The Cultural Revolution spanned from May 1966 to October 1976(the death of Mao marking the end of it.) It was Mao’s last revolutionary act and it turned into a great catastrophe. Mao named this act as “the Great Proletarian Cultural Revolution.” “It was his last desperate attempt to revive a revolution that he believed was dying.”(Meisner, 1999) This attempt distorted the social and political life of the People’s Republic. The goal of this was to bring China back onto the path to socialism and to secure Mao’s power over the country. Due to the lack of success from the Great Leap Forward, Mao stepped down from his leadership. Two of the party’s senior officials Liu Shaoqi and Deng Xiaoping replaced Mao with the day-to-day affairs of the People’s Republic. They both started incorporating more liberal economic policies, but Mao soon realized that the two officials were “abandoning socialist principles and betraying the Communist revolution of 1949.”(Suite 101, para. 2) Mao’s wife, Jiang Qing was the one who urged Mao to start the Cultural Revolution. Mao wanted “to replace his designated successors with leaders more faithful to his current thinking; to rectify the Chinese Communist Party; to provide China’s youths with a revolutionary experience; and to achieve some specific policy changes so as to make the educational, health care, and cultural systems less elitist. He initially pursued these goals through a massive mobilization of the country’s urban youths. They were organized into groups called the Red Guards, and Mao ordered the party and the army not to suppress the movement.” (Fortune City, para. 2) Mao shut down schools and he ordered the Red Guards to attack traditional values and “bourgeois” things and to publicly criticize party officials in order to test them. Many young people were ordered to relocate to the countryside. He believed that this would be beneficial for the young people of China because they could learn proletarian values and the lifestyle. The young were encouraged to attack their teachers, school administrators, party leaders, and parents. During this time, religion was frowned upon and temples and religious monuments were destroyed or damaged. Numerous cultural artifacts were destroyed. Elderly people and intellectuals, in addition to being verbally abused were also physically abused by the Red Guards and many died. In 1966, two groups met to discuss the Wuhan incident which was a conflict between two hostile groups wanting to take over the city of Wuhan. They engaged in a propaganda war and this affected Mao’s leadership as some was anti-Party. Jiang Qing along with some cultural workers deemed the Wuhan work as “a perfect example of politically erroneous writing, and warned that the Chinese cultural garden was overgrown with “‘anti-socialist poisonous weeds.’”(Spence, 1990) The revolution was an attack on culture. For example, they used the Peking opera as an example to show that it could be revolutionized. They believed that the Chinese had a blind faith in literature and they wanted to destroy that blind faith. A small group of Mao’s followers, along with his wife Jiang Qing and other radicals, the party was purged and soon both Liu Shaoqi and Deng Xiaoping were removed from their posts and subjected to an enormous amount of criticism and humiliation, their families included. The leaders of the Revolution also “called for a comprehensive attack on the ‘”four old’” elements within Chinese society-old customs, old habits, old culture, and old thinking…”(Spence, 1990) The Red Guards were eager to prove their integrity and anyone who had had Western education or interacted with Western businessmen or missionaries, and intellectuals were punished. The forms of public humiliation grew more and more humiliating and complicated. It ranged from parading through the streets wearing a dunce cap, to wearing a placard around their neck. One very extreme form of humiliation was when the people were force to stand with their backs bent and arms outstretched which was described as an “air-plane position.””Thousands of intellectuals were beaten to death or died of their injuries. Countless other committed suicide…”(Spence, 1990) The country was gripped with fear, excitement, tension, and euphoria which brought on violence. Thousands were imprisoned in solitary confinement and millions were sent off to “purify” themselves through labor in the countryside. The political agenda at the time was to not only confiscate or destroy private property, but to also completely nationalize all industrial enterprises, to abolish interests on deposits in the state banks, to evict landlords from their own houses, to eliminate private plots, to strengthen the commune system, and to private market economy (this included even very poor peasants selling vegetables at a village corner). The highest point of this radical program came in 1967 and it was given the name the “January power seizure.” “[V]arieties of radical groups who were not coordinated by central leadership, struggled with party leaders and with each other.” (Spence, 1990) Human rights at the time were annulled and many people were persecuted. It was a very violent mass movement which affected the People’s Republic of China socially, politically, and economically.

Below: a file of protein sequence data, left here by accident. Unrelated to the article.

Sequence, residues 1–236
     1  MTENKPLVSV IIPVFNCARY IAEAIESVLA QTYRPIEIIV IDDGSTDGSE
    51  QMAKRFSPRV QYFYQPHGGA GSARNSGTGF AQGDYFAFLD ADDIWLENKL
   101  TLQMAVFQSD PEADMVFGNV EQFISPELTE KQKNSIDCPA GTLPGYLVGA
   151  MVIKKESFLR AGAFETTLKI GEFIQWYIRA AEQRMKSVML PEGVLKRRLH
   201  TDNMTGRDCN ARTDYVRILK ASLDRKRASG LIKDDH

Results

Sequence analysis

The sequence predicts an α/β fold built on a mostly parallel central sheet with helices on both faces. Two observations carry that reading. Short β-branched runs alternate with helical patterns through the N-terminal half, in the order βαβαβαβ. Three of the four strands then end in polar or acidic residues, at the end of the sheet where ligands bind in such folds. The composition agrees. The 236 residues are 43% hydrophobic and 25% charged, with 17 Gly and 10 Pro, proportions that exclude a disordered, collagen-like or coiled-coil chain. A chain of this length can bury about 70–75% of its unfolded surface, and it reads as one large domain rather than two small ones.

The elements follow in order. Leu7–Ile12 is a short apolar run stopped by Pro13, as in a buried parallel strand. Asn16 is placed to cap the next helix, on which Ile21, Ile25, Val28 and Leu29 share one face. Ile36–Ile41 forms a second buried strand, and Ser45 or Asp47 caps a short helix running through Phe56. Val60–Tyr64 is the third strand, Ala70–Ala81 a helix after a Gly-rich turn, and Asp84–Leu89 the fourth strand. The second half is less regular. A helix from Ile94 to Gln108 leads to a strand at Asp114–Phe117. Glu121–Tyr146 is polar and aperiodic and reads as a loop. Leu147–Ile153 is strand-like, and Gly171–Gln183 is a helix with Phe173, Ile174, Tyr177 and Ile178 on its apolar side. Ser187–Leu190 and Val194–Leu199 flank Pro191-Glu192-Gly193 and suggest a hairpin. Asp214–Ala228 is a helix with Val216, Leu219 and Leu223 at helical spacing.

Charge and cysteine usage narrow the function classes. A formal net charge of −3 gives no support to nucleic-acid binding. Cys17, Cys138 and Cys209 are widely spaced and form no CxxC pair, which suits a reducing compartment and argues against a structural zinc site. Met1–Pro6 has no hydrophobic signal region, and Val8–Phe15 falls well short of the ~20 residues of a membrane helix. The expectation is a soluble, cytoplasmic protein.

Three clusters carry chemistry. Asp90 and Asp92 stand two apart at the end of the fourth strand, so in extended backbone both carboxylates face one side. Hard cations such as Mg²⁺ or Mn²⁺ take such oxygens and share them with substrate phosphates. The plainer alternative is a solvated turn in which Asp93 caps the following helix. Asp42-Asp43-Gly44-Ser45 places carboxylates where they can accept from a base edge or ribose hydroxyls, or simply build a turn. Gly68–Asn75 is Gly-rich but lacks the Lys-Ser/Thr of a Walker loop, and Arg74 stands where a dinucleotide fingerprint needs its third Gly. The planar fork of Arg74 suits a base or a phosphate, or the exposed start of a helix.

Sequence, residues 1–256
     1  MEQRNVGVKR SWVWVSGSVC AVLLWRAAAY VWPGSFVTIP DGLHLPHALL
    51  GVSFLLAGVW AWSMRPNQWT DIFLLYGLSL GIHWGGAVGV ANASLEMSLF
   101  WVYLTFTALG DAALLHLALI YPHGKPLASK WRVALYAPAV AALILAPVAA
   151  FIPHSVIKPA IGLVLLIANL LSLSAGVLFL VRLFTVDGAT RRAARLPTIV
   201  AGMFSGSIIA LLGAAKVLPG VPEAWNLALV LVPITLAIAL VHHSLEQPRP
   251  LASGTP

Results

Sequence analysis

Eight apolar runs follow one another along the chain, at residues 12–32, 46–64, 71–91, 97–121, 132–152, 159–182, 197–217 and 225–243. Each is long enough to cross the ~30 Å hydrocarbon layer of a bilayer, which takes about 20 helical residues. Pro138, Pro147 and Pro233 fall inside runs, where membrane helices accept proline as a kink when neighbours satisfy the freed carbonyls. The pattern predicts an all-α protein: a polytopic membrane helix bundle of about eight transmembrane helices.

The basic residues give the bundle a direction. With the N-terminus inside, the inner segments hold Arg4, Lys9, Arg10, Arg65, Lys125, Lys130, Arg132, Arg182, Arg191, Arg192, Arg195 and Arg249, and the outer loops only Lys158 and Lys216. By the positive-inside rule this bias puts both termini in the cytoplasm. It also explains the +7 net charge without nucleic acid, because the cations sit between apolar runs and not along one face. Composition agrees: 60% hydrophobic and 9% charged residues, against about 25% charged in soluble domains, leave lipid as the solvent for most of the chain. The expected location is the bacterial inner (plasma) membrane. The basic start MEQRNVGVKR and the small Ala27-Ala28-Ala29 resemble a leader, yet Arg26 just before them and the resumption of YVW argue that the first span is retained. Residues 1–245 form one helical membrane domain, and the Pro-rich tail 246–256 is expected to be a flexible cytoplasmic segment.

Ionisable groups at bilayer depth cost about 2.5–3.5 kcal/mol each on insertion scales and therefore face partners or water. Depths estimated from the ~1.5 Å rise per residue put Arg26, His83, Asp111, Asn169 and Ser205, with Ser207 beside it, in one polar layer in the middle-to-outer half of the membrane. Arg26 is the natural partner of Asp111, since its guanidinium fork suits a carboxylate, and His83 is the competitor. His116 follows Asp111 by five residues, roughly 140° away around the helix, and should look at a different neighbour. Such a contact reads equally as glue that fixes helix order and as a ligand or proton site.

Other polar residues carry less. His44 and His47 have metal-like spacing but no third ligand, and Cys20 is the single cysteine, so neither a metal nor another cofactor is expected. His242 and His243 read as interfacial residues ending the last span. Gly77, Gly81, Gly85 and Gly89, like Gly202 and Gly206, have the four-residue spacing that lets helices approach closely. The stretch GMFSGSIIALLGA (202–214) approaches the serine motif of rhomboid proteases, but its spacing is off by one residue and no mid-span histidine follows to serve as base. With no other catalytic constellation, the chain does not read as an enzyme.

Mao Zedong, along with his followers attempted to change China, and they succeeded in doing so forever. Mao’s First Five Year Plan was utilized to increase the industrial and agricultural output of the People’s Republic of China. In other words, it was used to improve the economic status of China. The purpose of Mao’s Second Five Year Plan was still to increase industrial and agricultural output but it was not a very big success. It lowered the average age of people dying and it caused a great deal of famine and death. The Second Five Year Plan did not go at all as planned and China’s state was not very good at the time. Immediately after the Second Five Year Plan, Mao initiated the Cultural Revolution. He started the Revolution in order to ensure the support of his followers, to recover from the Second Five Year Plan, and to bring China back onto the path of socialism. The Revolution was an enormous catastrophe and it resulted in a huge number of peopled dying and important cultural monuments and items getting destroyed. Mao’s intention of changing China was fulfilled but the consequences were immense. The aftermath of his plans and his revolution continued to change China, long after his death. Whether the effects were positive or negative, Mao definitely changed China forever.

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Economic Policies Of Mao Zedong History. (2019, Aug 19). Retrieved from

Economic Policies Of Mao Zedong History